Today, Tarvin fits right in, teaching junior high math at St. Thomas School of Fort Thomas, a school rich in tradition and legacy. He has led the math department for nearly 19 years, creating an advanced math program, and allowing many students to achieve high school math credit while still in middle school.
Tarvin began his teaching career as a substitute teacher in Newport, Kentucky, just one semester after finishing high school. His first full-time position was teaching fourth grade at Cote Brilliante Elementary School. Today, the Kroger at Newport Pavilion sits on the spot where Cote Brilliante once stood.
In his second full year of teaching, while still a junior in college, he was hired to teach Social Studies to fifth and sixth graders at the former AJ Jolly Elementary in California, Kentucky. It wasn’t long after that when he discovered that not only did he have a gift for teaching social studies, but he was also very good at teaching math in a way students could really understand.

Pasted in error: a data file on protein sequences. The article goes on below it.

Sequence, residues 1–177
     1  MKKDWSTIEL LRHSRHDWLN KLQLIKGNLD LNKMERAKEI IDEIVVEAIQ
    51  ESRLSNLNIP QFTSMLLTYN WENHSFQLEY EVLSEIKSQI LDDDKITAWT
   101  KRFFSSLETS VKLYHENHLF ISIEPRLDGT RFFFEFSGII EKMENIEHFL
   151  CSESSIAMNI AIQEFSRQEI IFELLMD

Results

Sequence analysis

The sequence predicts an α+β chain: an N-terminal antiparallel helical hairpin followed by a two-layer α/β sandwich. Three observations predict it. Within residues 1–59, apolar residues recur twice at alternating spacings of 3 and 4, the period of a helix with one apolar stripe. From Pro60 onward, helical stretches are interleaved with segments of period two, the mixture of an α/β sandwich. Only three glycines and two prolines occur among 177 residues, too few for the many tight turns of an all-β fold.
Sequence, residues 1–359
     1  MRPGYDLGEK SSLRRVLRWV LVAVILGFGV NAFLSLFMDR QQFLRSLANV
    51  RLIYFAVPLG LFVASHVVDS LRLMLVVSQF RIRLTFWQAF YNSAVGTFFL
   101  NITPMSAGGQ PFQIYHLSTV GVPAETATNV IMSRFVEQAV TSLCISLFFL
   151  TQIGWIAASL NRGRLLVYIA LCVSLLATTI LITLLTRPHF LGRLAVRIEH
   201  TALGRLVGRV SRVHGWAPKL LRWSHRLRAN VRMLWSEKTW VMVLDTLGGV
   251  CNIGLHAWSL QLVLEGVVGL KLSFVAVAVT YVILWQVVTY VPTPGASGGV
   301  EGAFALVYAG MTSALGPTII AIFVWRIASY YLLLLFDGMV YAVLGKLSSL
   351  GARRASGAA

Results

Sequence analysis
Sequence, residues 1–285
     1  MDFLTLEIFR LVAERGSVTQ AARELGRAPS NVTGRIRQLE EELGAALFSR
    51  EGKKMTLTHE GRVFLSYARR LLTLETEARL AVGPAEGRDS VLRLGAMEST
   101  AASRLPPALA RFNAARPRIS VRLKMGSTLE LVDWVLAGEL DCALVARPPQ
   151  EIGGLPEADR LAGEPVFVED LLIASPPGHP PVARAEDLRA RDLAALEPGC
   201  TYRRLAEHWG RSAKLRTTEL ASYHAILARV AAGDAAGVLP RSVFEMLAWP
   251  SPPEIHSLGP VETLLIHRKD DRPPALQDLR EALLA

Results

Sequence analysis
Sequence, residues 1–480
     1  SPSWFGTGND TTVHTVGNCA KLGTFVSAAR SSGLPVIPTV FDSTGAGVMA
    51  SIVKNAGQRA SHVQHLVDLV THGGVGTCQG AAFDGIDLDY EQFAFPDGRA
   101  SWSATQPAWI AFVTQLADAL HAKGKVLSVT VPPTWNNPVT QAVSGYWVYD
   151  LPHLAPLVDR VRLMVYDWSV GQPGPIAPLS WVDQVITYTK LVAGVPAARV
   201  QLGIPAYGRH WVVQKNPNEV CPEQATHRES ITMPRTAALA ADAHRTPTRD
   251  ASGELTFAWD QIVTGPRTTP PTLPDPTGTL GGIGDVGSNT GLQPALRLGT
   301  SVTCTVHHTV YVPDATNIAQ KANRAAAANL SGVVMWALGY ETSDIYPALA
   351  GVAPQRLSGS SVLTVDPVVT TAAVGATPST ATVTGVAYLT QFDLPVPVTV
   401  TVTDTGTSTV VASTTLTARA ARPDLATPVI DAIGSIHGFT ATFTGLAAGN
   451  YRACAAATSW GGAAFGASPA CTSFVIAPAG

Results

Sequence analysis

So what’s his secret?
According to St. Thomas seventh grade student, Madeline Bruns, it’s “good old-fashioned teaching.”
Despite the technology available in today’s classrooms, Tarvin refers to the chalk and chalkboard as his two “most reliable ancient devices.” The textbooks he chooses are classic, and his methods are consistent & effective.
The proof can be heard from Bruns’ classmate, Audrey Powell.
“I used to hate math and easily became frustrated with the work. Then last year, Mr. Tarvin became my teacher. Now, I’m taking Algebra I and I enjoy it,” says Powell. “I would never have been able to comprehend the idea of liking math if it weren’t for Mr. Tarvin.”
Included in Tarvin’s extensive and impressive resume is not only classroom teaching, but time as principal at Grandview Elementary for two years. He was also Assistant Principal in Madeira, Ohio, JV baseball coach at Dixie Heights High School for 20 of the 25 years and a year in the seminary.
Following his initial retirement from the Kenton County public school system in 1991, he was pastor at All Saints in Cold Spring, St. Paul’s in Oakley, and St. Paul’s in Ohio, before returning to the classroom at St. Thomas in 1999.
Some would say he was born to be a math teacher. That may very well be true because Roger Tarvin was born on March 14, a day commonly referred to as “Pi Day”, because of the date’s reference to pi’s numerical value of 3.14. Students, both current and past, have been known to bring in pies to commemorate the day.
Flamm references a quote from Brainyquotes to describe Mr. Tarvin’s commitment to education, "A good teacher can inspire hope, ignite the imagination, and instill a love of learning.”
A good teacher indeed, who makes math as easy as “pi” for his students.